How To Support Mothers In The Workplace And Why It’s Good For Business

It’s no news that the pandemic has shifted employee priorities: Nearly half of employees say they are less committed to their jobs than they were before the pandemic, and a whopping 99% of those employees have children who are, according to a Mom’s survey live at home hierarchy of needs.

Nurses, most of whom are women, have been pushed out of the labor market in droves during the pandemic. It takes a lot of time for companies: while 75% of expectant mothers say they are excited to return to work after giving birth, 43% end their careers – and replacing an employee who leaves after giving birth can cost between 20% and cost 213%. of their annual salary, according to the Maven Clinic.

“If I do the math, three to four months of paid maternity leave [to help retain a new mother] is nothing in the grand scheme of things — especially when you consider that you’re retaining internal knowledge and likely getting an employee who wants to stay,” says Erica Ballard, life coach for working women. “While it’s amazing that we can put the cost of losing a working mom within the first year of motherhood at roughly $92,000, that’s just the tip of the iceberg of how much you save and doesn’t take into account the money.” that you have to make stand. We know that an organization with 30% women in leadership positions can increase profits by six percentage points annually. They’re losing talent, so why aren’t we doing more to keep moms? Moms aren’t stupid for having kids. They’ve just reprioritized how they spend their time and we’re punishing them for wanting to live a life.”

Leslie Forde, founder of Mom’s Hierarchy of Needs, a community for parents and a research-based framework for balance, says that when mothers began surveying parents six years ago, they reported being stressed beyond their limits.

“The pandemic has added this whole new set of difficult conditions and life-and-death choices that have pushed people over the edge in ways that go beyond the integration of normal self-care practices,” says Forde. “Where are we going in this post-pandemic world with these other stressors like inflation, loss of reproductive choice and other things that make women feel like they’re being squeezed in every direction?” My response was to let go of the “mother box,” or what society defines motherhood as, and be a bit reckless with your time.”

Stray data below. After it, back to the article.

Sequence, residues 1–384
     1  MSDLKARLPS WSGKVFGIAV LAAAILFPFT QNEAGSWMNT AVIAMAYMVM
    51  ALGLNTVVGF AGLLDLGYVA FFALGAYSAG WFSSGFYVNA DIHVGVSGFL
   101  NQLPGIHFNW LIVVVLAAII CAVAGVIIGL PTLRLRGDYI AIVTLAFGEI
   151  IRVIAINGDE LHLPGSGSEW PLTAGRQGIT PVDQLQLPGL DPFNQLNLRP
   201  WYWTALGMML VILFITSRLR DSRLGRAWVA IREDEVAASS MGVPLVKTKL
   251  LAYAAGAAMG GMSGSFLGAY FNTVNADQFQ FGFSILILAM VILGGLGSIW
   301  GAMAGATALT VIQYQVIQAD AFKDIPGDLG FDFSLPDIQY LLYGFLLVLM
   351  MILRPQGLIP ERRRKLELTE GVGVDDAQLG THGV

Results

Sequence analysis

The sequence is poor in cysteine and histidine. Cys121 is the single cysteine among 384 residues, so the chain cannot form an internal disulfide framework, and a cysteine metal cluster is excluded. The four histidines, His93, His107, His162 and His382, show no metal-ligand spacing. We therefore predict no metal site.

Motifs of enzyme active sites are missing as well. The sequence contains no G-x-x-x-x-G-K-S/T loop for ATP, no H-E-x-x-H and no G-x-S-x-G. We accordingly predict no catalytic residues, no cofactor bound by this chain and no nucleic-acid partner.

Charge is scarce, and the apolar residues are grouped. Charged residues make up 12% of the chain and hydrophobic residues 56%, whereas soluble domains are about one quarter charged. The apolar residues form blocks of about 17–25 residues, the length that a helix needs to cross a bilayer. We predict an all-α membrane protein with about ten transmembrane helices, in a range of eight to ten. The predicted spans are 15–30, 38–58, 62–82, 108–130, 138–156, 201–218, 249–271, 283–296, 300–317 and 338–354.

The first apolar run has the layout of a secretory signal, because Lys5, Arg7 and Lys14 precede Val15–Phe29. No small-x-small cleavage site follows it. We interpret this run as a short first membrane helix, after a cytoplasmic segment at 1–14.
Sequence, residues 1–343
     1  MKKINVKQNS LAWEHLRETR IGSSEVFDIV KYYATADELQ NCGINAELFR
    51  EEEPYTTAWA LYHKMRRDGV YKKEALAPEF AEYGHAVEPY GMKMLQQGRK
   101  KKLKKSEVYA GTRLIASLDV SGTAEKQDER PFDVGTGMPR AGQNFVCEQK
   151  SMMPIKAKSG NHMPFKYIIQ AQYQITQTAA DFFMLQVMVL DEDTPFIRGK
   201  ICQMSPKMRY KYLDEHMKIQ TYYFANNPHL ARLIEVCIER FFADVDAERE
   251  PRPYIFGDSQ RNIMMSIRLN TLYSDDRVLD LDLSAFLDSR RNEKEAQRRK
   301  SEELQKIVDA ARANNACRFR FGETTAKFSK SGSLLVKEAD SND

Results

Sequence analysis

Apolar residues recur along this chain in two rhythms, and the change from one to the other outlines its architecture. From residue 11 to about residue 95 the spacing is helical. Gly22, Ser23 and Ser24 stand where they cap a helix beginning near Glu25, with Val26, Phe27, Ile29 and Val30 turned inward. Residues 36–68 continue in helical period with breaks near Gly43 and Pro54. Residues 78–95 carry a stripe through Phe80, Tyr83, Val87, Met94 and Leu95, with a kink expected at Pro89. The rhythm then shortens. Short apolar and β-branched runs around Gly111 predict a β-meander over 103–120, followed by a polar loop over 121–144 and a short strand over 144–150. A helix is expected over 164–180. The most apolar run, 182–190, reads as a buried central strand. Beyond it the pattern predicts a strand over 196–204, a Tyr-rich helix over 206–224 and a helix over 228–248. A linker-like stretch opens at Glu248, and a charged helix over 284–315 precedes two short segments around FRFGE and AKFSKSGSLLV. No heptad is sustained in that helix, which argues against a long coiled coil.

Forde also works with companies through their Allies @ Work program to teach organizations how to support caregivers at work with policies, benefits and infrastructure that enable an inclusive environment. “I also preach that the types of support that employers would need to provide to make a mother with young children successful would also be welcomed by a 25-year-old man who wants to surf and have a dog,” Forde says. “We’ve gotten to that era where people understand on a very visceral level that all the compromises we’ve had to make for decades have had a false promise that if you work really hard and give it your all, you’ll have this stable, career advancement without interruption and a steadily increasing salary. And employees now know that is not the case.”

While there is no quick fix, employers have tremendous power to make policy changes that can help better attract and retain working parents. While moms wait for the policy to change, there are also individual steps they can take to better protect themselves from burnout. Here are a few action steps from the experts on how to do it.